Automating like an Enterprise DBA

Comments: 1 Comment
Published on: January 8, 2019

TSQL Tuesday

The second Tuesday of the month comes to us a little early this month. That means it is time again for another group blog party called TSQLTuesday. This party that was started by Adam Machanic has now been going for long enough that changes have happened (such as Steve Jones (b | t) managing it now). For a nice long read, you can find a nice roundup of all TSQLTuesdays over here.

Automation

The theme as chosen by Garry Bargsley (b | t) is about automation. Specifically, Garry has provided two requirements about automation for this month. As is always, there is leeway in a post that participates in TSQL Tuesday.

One of the things that should seem very commonplace to a data professional is the effort to become a lazy DBA. A lazy DBA is not a bad thing. It just means the DBA works hard to automate the repetitive mundane tasks that may be tedious and/or time consuming. Time can always be better spent somewhere else, right?

If you are lacking in any ideas for what can be automated, here are a few TSQL Tuesday roundups from when we have talked about automation previously (yes it is a hot topic – ALWAYS!).

  1. August 2010 – Beach Time – what do you automate to earn beach time?
  2. February 2011 – Automation in SQL Server – Give your best tricks for making your life easier through automation.
  3. January 2014 – Automation – How much of it is the same?
  4. September 2015 – The Enterprise – How does one manage an enterprise of databases?
  5. September 2017 – PowerShell Automation – Find something and automate it.

In the past, I have written about automation a few times. Some of my favorites are automated restores, automation in the cloud, and my poor mans automated audit.

I automate many processes and have automated loads of tasks over the years. You see, automation means I can spend more time doing other tasks that require more time, more thought/concentration, more effort, and frankly more interest. So what have I automated recently that may be different from what I have previously written? This time, I have something that may seem utterly trivial but in the end it is rather tedious and time consuming to manually check over and over and over.

PowerShell

When I automate a task, I generally will try to use the tool that seems the most appropriate for the task: windows scheduler, SQL Agent, TSQL, SSIS, VB, C#  and now I am trying to add PoSh to that list. I don’t believe there is a one size fits all automation tool. Sometimes, one has to be flexible enough to adapt other technologies into the tool-belt.

I have been working with a client to check their servers for SQL Server version, SSMS version, PoSH version and so on. All of this to try and get the appropriate updates installed on the server. Believe it or not, many of their servers were still running PoSH v2 and didn’t have any Service Packs installed for their database servers. OUCH!

Touching every single server (even if it is only 10 servers) is far too tedious and error prone. So, I spent a little time klooging together with my neanderthal level PoSH skills and found a way to retrieve various pieces of information from the servers and then store those data points in a database so I could report on the entire environment easily with TSQL. In addition, I could show change history and find approximately (at worst) when an update was installed.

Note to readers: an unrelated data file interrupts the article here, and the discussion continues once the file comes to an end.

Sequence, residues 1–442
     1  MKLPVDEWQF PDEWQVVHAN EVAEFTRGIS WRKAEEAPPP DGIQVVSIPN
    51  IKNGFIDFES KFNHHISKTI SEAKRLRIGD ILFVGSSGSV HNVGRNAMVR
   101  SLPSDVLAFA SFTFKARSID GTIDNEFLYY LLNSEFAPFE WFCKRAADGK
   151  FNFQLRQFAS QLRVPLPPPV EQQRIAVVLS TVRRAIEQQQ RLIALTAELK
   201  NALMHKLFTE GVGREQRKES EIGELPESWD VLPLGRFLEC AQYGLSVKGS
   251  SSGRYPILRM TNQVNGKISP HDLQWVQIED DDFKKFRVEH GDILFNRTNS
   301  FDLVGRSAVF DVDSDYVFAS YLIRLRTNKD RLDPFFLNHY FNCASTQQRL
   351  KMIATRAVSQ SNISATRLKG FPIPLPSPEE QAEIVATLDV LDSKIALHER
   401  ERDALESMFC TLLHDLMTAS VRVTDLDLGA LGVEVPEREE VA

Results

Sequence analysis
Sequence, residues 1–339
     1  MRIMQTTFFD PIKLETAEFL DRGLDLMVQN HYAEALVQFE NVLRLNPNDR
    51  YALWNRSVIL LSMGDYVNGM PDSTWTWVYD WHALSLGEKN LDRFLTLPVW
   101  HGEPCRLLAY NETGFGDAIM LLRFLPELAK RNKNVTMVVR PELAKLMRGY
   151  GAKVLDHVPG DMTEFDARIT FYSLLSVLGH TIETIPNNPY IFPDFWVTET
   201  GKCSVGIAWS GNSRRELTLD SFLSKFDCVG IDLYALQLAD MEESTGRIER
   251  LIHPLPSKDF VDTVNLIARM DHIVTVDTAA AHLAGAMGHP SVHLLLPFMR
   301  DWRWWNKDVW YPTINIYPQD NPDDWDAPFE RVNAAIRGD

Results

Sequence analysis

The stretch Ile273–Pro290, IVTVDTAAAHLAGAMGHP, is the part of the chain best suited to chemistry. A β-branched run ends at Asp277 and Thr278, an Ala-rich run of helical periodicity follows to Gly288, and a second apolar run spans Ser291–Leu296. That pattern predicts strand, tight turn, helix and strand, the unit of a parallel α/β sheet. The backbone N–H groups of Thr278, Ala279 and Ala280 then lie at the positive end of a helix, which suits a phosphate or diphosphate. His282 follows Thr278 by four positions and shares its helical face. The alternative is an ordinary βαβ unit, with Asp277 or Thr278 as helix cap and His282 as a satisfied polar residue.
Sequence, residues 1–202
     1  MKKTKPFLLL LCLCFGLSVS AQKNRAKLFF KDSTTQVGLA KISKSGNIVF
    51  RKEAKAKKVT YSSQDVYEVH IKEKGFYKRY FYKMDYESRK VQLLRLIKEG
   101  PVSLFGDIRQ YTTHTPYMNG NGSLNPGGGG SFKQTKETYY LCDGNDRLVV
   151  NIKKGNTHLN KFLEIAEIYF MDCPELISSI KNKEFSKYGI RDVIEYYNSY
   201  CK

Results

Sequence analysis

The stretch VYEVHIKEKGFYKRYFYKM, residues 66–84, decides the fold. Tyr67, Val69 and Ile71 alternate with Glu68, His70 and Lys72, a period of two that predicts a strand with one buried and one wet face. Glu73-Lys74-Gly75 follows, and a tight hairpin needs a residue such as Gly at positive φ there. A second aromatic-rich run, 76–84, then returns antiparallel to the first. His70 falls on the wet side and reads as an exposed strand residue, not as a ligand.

Of all of the things I scripted to start tracking, the one I want to share this time can also be used to audit security on each of the database servers. I use the following script to audit the localadmins on each of the database servers in the enterprise. In order to trap each local admin on the server, I also recurse through domain groups to find all users of a group to find everybody that may have access. Here is a version of the script that is similar to what I use now.

Could I improve on the efficiency of this script? Most definitely I believe there is room for improvement. Remember, I am very novice at my PoSH skills. Scripting issues aside, it works and basically fetches a list of servers from a database, then iterates through each of those servers to fetch the complete list of local admins on each of the servers. Then the script writes out the complete list of admins for each server back to my database so I can generate a history of changes to the admins or report on who has admin access on the server.

For anybody that has admin access to a database server, the permission path (nested group path) is recorded in hierarchical form separated by the carrot character (^). Using this script, I have been able to provide a report to domain admins to clean out various unwanted individuals from access that was not intended or necessary.

Wrapping it Up

TSQL2sDay150x150Automation is an essential tool for every data professional. Wait, no, that’s not accurate. Automation is an essential tool in all facets of IT. Automation is a definitive method to work more efficiently and offload some of the mundane repetitive tasks that consume too much time.

Even if the task is not trivial but needs to be repeated and done so without error, the best tool is automation. Performing tasks over and over naturally leads to higher risk of error. The way to minimize that risk is to perform the task via some automation script or routine.

File Maintenance – Cleaning Up Old Files

Comments: 1 Comment
Published on: December 21, 2018

Using SSIS to Maintain the File System

We have all run into a need or a desire to clean up old stale files from the file system, whether it be to remove old backup files or flat files that are created from one process or another.  And based on this need/desire, we have all come up with a method to help with achieve that goal.